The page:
There is no better antidote for the holiday blues than gratitude. Thankfulness raises your spirits because you cannot be in a state of anxiety, worry, or anger at the same time you are experiencing gratitude; it’s just not possible. A study of couples found that people who expressed gratitude for their partner felt more positive about them and felt safer expressing concerns about their relationship. Research has also demonstrated a host of benefits for people who practice gratitude consistently including stronger immune systems, higher levels of positive emotions, joy, optimism, and happiness, and acting with greater generosity and compassion. So what’s not to like, right?
The following are five of my favorite ways to express gratitude.
- “The George Bailey effect”: One evening 37 years ago I was studying at the University of Missouri Medical School library, and decided to take a break. When I returned to my table, there was a cute girl sitting there, and we started chatting, which led to me asking her to walk down to the cafeteria for a cup of coffee. Before she left that night I got her phone number etched in the OB-GYN textbook I was studying, which led to a date a few weeks later, which led to us being married for 35 years to date. The George Bailey method of gratitude is to imagine what your life would be like without major blessings you have experienced, like your spouse, children, or important events. For example, I can’t imagine how my life would have unfolded if Anne hadn’t serendipitously sat at my table that evening. That was THE most important moment of my life, and for that I am forever grateful.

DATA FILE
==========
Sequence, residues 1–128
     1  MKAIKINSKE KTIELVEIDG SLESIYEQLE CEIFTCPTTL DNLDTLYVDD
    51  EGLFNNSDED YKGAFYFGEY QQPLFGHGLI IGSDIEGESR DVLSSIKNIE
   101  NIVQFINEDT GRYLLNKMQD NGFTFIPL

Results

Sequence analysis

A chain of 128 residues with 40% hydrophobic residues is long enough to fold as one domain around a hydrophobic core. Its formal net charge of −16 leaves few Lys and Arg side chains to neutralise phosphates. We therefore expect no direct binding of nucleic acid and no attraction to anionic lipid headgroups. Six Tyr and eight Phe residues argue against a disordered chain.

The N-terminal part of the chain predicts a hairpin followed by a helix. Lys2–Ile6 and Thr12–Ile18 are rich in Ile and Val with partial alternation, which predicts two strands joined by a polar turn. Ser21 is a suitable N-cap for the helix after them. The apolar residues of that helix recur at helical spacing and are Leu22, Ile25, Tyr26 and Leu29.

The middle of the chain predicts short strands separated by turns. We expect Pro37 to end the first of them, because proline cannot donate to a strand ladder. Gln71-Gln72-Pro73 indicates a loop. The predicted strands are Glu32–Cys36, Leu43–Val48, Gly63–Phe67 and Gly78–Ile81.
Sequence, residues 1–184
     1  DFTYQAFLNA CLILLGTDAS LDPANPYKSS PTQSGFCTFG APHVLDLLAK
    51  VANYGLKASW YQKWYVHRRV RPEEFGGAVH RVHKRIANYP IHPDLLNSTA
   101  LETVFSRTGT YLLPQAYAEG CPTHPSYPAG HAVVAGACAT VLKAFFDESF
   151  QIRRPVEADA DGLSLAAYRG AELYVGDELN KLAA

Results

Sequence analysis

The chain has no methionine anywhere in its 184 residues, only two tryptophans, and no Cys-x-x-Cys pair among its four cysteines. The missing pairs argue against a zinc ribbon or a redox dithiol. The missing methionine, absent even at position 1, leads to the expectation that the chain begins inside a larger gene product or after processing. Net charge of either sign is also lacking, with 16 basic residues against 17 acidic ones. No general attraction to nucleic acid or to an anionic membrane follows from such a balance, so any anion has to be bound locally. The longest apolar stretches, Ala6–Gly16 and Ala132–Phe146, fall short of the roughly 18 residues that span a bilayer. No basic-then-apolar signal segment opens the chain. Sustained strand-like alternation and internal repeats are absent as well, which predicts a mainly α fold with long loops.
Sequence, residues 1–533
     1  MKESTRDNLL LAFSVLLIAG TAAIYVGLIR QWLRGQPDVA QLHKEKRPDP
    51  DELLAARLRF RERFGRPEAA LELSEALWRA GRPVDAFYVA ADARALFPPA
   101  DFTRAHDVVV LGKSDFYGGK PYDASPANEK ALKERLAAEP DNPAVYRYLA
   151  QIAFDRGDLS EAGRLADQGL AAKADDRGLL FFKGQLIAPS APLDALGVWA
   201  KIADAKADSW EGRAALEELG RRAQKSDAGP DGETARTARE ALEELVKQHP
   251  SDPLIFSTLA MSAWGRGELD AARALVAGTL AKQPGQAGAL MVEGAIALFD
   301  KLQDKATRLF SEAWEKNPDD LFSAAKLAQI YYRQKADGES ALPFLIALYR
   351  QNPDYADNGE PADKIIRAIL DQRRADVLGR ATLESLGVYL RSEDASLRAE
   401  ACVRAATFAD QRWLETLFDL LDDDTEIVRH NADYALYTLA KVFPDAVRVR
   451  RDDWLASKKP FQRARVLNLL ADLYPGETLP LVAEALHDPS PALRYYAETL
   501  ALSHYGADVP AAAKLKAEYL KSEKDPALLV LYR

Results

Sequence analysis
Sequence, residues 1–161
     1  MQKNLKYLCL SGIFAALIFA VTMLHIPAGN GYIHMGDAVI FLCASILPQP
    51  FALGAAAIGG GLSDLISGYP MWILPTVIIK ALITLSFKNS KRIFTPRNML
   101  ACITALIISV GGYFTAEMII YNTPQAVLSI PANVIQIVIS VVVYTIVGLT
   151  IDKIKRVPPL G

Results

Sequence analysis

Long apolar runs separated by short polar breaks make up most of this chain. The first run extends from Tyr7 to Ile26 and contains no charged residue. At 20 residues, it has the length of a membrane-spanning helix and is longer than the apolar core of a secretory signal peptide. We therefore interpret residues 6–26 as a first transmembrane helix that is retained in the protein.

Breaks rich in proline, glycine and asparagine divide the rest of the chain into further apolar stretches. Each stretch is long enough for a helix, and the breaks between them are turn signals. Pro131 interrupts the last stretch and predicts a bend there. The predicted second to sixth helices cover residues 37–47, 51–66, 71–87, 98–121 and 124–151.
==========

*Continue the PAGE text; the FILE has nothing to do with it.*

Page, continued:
- Express gratitude in person: Especially in this day and age where so much of our communications are through screens, take a moment this holiday season to tell people what they have meant to you, and do it face-to-face. It’s a much richer experience when you can read people’s body language, tone of voice, and facial expressions.
- Life lessons: Remember the “bad times”, contrast that with where you are now, and focus on how far you have come. This can bring a wave of forgiveness, completion, and appreciation for your growth. A good motto to live by is ‘Whenever you fall, pick something up’. That includes the lessons and gifts you received from the tough experiences.
- Your focus: Look for things to be grateful for in your everyday life. Too often we are too distracted with our devices and busyness to appreciate the gifts that are all around us. Remember too that what you focus on you get more of, gratitude included.
- Journaling: Spend a few moments at the end of each day writing down the things you are grateful for. It allows you to end the day in a peaceful, contented, loving state of mind, setting the stage for a more restful sleep.
The research is clear about the many positive effects of practicing gratitude. This runs true for adults, married couples, teenagers, and younger children at home and at school. Raise your spirits this holiday season and throughout the year by disciplining yourself to be in a state of gratitude by using some of the tools mentioned above. Becoming a more grateful person might be the best present you give to your loved ones.